Who is Assata Shakur, the FBI's Most Wanted Female Terrorist?

(FBI Handout)This week marked a dubious moment in women's history. On Thursday, the FBI added Assata Shakur, to the list of the country's most wanted terrorists. Shakur, born Joanne Chesimard, became the first female on the list, for incidents that date back forty years. Shakur was convicted of killing New Jersey state trooper Werner Foerster and sentenced to life in prison in 1977. She managed to escape in 1979 and has been a fugitive for the past three decades. But Shakur, who is the step-aunt of Tupac Shakur, never disappeared, in fact she might be one of the most well-known fugitives on the FBI's list. Here is a rough timeline of Shakur's case.

1973: Shakur and two fellow passengers were stopped for a broken tail light on the New Jersey Turnpike. After a heated exchange, they exchanged fire with police officers, and allegedly Shakur shot Foerster in the head. You can read the FBI's account of what happened here.

1977: Shakur was found guilty of first degree murder, assault and battery of a police officer, assault with a dangerous weapon, assault with intent to kill, illegal possession of a weapon, and armed robbery, according to a statement by the FBI.

1979: She escaped a New Jersey maximum security prison and hid out in safe houses for the next few years, allegedly aided by the Black Liberation Army.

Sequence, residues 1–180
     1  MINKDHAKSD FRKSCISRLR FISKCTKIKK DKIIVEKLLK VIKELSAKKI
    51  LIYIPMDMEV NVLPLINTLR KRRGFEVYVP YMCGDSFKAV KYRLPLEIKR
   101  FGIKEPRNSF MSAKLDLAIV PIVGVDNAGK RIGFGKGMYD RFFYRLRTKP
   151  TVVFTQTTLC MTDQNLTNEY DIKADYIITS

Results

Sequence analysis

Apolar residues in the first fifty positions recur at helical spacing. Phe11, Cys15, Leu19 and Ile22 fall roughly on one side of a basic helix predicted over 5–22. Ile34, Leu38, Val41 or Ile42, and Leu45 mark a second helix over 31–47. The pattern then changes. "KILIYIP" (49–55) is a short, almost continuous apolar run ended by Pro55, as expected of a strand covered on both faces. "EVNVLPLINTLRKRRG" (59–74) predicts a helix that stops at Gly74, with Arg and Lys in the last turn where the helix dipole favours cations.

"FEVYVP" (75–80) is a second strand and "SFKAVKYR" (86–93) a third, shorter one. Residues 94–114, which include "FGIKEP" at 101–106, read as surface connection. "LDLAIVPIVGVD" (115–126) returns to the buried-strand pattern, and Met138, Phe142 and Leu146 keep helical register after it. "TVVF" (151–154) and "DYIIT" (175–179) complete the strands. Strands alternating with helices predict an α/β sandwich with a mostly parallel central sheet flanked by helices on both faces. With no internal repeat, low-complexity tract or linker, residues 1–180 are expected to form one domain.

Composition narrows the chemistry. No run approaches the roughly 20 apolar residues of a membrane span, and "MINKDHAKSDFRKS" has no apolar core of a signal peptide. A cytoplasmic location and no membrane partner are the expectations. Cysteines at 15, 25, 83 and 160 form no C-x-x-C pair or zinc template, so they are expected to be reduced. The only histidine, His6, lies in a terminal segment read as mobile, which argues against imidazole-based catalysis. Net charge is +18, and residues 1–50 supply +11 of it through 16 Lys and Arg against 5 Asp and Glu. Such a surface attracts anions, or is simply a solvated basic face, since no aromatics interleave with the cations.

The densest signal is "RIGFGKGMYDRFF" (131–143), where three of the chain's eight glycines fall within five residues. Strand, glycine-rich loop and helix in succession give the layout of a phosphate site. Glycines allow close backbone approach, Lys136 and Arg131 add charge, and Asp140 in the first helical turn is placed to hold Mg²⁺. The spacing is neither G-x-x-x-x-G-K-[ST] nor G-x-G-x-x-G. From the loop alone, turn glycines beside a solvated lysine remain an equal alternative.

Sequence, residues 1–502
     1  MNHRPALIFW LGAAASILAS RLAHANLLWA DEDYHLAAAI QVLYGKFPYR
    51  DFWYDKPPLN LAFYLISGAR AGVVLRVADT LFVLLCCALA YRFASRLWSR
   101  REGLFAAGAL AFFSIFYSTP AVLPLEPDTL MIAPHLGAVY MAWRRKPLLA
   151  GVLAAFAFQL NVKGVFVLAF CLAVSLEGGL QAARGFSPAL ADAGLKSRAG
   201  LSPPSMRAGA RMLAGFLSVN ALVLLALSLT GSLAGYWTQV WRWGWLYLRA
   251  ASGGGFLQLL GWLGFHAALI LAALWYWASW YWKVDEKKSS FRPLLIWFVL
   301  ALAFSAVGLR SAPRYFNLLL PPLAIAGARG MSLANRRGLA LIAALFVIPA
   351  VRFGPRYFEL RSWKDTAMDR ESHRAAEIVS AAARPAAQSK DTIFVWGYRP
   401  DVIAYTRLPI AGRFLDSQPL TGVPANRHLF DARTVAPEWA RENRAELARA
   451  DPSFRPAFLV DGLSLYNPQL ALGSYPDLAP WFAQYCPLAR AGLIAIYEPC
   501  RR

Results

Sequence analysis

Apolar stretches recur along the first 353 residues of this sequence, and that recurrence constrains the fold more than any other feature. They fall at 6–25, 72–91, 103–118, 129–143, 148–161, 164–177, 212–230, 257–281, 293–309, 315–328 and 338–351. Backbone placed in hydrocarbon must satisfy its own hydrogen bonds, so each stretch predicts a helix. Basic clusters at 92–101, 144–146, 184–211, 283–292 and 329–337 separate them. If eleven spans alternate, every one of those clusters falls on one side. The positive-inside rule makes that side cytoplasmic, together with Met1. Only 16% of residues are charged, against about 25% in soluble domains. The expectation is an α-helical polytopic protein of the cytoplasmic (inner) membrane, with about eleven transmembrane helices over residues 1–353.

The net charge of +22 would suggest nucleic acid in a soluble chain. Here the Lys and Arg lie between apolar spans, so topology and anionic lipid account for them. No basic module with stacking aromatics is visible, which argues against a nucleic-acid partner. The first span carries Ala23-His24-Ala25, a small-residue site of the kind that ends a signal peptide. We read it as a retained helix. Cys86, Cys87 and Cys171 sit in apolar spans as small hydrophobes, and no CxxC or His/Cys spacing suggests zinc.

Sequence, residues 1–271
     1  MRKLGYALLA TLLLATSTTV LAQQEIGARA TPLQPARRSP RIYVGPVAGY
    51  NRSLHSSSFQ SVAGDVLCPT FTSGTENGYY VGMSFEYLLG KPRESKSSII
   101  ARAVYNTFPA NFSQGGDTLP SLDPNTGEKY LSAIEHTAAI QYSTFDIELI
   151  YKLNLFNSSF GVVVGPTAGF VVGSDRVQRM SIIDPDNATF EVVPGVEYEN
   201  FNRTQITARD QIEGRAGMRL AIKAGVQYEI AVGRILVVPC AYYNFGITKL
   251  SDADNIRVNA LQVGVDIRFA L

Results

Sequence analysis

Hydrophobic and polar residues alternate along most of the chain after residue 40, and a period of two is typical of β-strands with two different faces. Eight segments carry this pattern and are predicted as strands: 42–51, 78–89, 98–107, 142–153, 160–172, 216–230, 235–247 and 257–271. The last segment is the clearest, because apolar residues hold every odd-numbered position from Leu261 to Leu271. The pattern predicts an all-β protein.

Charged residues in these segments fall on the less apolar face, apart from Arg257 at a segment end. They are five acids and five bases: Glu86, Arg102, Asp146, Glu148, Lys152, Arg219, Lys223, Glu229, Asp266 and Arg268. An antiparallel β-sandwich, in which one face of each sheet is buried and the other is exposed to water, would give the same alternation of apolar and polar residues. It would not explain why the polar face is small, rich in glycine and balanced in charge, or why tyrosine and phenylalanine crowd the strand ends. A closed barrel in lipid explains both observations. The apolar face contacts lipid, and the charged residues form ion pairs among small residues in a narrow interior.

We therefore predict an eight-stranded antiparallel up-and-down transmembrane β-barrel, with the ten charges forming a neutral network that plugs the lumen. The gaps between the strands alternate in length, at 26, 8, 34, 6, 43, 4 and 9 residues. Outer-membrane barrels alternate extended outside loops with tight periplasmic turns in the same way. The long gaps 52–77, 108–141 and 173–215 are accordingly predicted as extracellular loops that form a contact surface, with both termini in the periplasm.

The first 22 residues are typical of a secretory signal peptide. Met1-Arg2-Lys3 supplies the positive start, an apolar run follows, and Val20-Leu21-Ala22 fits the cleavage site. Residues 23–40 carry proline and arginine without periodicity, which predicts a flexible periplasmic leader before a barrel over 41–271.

1984: She surfaced in Cuba and remained there in political exile.

1987: She published her autobiography from Cuba, recounting her experiences with an impartial justice system, and emerged as a prominent critic in the discussion of racial conflicts within the U.S. over the next two decades.

2000: Hip hop artist Common wrote "Song for Assata" and, reflecting on the incident 40 years ago, asked "I wonder what would happen if that would've been me?"

2005: The FBI classified Shakur as a domestic terrorist and added a $1 million bounty for her capture.

2013: On the 40th anniversary of the Foerster's death, the FBI added her to their "most wanted terrorist" list, alongside a roster of suspects in bombing attempts on American soil. It was also announced the reward money for her capture had doubled to $2 million. New Jersey State Superintendent Col. Rick Fuentes called the Shakur's case an "open wound" in the history of state troopers. James Braxton Peterson, Director of Africana Studies at Lehigh University, calls her a "prosecuted and persecuted" revolutionary. Hundreds of supporters of Shakur have taken to twitter using the hashtag #handsoffassata as a show of support for the controversial figure. Today she's being called everything from a freedom fighter to a murderer. No matter where you stand, the biggest question being asked on social media is what actually qualifies her as a terrorist?